In 1767, the Duke of Grafton Augustus FitzRoy had to replace Pitt, when the latter fell sick, but his duties and position was officially confirmed only the next year.
The Duke of Grafton was later succeeded by Lord Frederick North in 1770. The same year, king's brother Prince Henry married Anne Horton, a widow of lower class.
The marriage was despised by George III, who immediately tried to bring into effect a law that would prohibit members of the royal family from marrying without the permission of the king. Though the law faced initial opposition, even from the king's subordinates, it was finally introduced in 1772 as the 'Royal Marriages Act.'
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Lord North brought about several changes, mainly to appease those belonging to the American colonies. He did away with all taxes, except the duty on tea, which according to the king was necessary to levy.
In 1773, in what was deemed an unfortunate incident, a lot of tea was thrown into the sea by the American colonists. Subsequently, Lord North, in consultation with William Pitt, was forced to take harsh steps. He closed down the Port of Boston, and announced that the king would select the members of the Upper House of the Legislature.
This led to protests amongst the colonists, who had made each province a self-governed one, disregarding the power of the king. The protest led to the 'Battle of Concord' and the 'Battle of Lexington' in 1775.
By July 1776, independence was declared in America, accusing George III of having plundered the colonies, causing mayhem. At the 'Battle of Saratoga,' which was fought the following year, British official John Burgoyne was defeated by the colonists.
The 'American War of Independence' continued, and the British government had to incur heavy expenses in order to keep fighting. While the British were victorious at the 'Battle of Guilford Court House' and the 'Battle of Camden,' they lost to the Americans in the 'Siege of Charleston' and the 'Siege of Yorktown.'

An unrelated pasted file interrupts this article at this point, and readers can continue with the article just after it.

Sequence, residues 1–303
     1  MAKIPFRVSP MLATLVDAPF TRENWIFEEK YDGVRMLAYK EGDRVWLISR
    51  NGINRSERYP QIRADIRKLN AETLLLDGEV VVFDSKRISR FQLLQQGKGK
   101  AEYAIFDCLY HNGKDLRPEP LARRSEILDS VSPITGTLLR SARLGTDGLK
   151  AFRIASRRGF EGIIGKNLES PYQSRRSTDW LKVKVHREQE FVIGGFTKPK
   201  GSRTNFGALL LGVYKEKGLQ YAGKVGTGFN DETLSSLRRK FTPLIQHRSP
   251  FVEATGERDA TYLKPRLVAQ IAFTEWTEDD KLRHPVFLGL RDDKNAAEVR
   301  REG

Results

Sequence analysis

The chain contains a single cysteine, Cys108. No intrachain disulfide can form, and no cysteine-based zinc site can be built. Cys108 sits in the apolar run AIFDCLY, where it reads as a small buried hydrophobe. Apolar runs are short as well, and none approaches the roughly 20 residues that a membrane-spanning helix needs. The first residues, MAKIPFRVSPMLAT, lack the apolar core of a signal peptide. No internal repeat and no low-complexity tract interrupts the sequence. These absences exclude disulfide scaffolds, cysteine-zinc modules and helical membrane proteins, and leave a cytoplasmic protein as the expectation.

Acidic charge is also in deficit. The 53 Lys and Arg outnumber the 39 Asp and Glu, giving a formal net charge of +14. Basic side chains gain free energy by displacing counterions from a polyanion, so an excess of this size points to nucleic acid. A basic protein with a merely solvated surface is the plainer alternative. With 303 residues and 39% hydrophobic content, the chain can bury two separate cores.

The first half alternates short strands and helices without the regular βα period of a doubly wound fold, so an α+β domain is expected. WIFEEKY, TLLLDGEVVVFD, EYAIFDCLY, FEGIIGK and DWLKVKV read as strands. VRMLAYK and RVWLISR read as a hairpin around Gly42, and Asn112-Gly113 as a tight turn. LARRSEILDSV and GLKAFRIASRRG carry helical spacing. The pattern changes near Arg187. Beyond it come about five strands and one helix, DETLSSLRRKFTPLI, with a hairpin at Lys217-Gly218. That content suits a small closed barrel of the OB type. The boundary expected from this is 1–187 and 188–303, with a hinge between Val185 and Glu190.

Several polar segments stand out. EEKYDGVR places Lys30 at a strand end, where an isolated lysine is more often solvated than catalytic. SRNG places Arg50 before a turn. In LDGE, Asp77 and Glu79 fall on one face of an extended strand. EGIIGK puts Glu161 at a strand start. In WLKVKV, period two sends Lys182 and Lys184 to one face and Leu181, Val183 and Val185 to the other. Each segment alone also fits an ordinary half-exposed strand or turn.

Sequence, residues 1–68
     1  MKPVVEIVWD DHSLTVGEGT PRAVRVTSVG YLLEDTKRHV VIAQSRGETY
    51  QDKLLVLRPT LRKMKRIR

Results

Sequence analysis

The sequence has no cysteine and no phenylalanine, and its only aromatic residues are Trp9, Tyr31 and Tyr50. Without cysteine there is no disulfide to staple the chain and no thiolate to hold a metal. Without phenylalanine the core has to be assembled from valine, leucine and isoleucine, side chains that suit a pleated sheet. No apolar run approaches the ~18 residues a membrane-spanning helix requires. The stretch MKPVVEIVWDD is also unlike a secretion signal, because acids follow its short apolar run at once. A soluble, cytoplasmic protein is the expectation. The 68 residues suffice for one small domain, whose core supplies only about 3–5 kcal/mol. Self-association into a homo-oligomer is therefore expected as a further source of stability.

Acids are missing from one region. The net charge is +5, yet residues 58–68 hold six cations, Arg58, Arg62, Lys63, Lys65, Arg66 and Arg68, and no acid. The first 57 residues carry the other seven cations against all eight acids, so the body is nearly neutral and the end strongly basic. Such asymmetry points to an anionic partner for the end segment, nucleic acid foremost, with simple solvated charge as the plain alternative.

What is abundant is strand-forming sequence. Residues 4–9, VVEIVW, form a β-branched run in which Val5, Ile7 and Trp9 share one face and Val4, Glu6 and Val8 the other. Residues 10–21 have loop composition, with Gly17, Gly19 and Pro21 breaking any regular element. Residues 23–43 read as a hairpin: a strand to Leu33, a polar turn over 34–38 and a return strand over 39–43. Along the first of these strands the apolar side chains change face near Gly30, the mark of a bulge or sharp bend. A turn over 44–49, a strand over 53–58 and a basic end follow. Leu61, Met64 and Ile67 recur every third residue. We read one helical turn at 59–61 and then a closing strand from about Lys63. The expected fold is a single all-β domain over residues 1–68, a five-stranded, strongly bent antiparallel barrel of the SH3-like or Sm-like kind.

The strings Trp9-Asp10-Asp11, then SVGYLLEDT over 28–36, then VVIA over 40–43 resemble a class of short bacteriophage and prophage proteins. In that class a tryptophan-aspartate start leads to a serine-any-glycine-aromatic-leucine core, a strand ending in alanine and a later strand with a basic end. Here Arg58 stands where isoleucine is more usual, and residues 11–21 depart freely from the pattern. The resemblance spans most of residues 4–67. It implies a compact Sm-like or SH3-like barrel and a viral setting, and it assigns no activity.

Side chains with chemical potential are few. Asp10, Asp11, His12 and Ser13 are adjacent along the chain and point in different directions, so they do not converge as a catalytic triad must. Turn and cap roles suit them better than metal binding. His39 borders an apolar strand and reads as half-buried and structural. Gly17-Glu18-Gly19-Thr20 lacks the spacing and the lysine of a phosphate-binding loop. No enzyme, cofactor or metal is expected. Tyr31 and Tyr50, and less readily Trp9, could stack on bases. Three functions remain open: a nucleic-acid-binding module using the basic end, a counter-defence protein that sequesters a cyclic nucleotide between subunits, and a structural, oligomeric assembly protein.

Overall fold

In 1781, Lord North stepped down as the prime minister, and the king had no other choice but to concede defeat and grant America its freedom. In the next two years, the 'Treaties of Paris' were signed, and this event marked the end of the 'American War of Independence.'
Initially, Lord Rockingham was appointed the prime minister after Lord North’s resignation. However, following his death within a few months, it was Lord Shelburne who took over as prime minister.
Within a year's time, Lord Shelburne was ousted and William Cavendish, the Duke of Portland, replaced the former as the prime minister. He was assisted by Charles James Fox as the foreign secretary, and Lord North as the home minister.
In 1783, William Pitt the Younger replaced the Duke of Portland as prime minister, owing to several measures taken by the king to remove Fox from office. Pitt became the youngest British statesman ever to become the prime minister of Great Britain.
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After the appointment of Pitt, several positive changes were introduced in the country which increased the popularity of the new prime minister and the king. George III was admired for his religious nature and fidelity towards his wife.
Towards the end of the 1780s, George III became mentally ill, and was soon deemed incapable of ruling the nation. There were talks of the Prince of Wales becoming the regent and ruling the country in place of his father. However, before the decision could be taken by the 'House of Commons,' the king’s health improved.
The king continued to be admired by his subjects, especially when he was lenient towards two people who tried to attack him. Soon, there were several other changes in the prime minister's office, but none of the decisions taken by George III had any major significance.
By 1810, the king had become old, and suffered from various ailments, including mental illness. Within the following year, he was no longer capable of performing his royal duties.
It was his son Prince of Wales, George IV, who acted as regent. Under his leadership, the battles against Napoleon were won.
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Major Works
Under this famous king’s rule, there was a drastic growth in agricultural production in the nation. He also ensured that constant development took place in industrial and scientific areas. Rural population flourished in Britain, and these people were eventually employed during the Industrial Revolution.
Personal Life & Legacy
On 8 September 1761, King George III got married to Princess Charlotte of Mecklenburg-Strelitz at the ‘Chapel Royal’ in St James's Palace.
The royal couple had 15 children, of whom Princess Amelia and Prince Frederick were his favorite children. The only two sons who ruled England as kings were George IV and William IV.
George III passed away on 29 January 1820 at the Windsor Castle. His wife had died two years prior in 1818.
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Trivia
This British king was the only one to have never had a concubine, and was known to have been loyal to his wife throughout his life.
George III lived for 81 years and 239 days and reigned for 59 years and 96 days, longer than any of his predecessors and subsequent kings. Queen Victoria and Elizabeth II are the only two successors who outlived and reigned longer than him.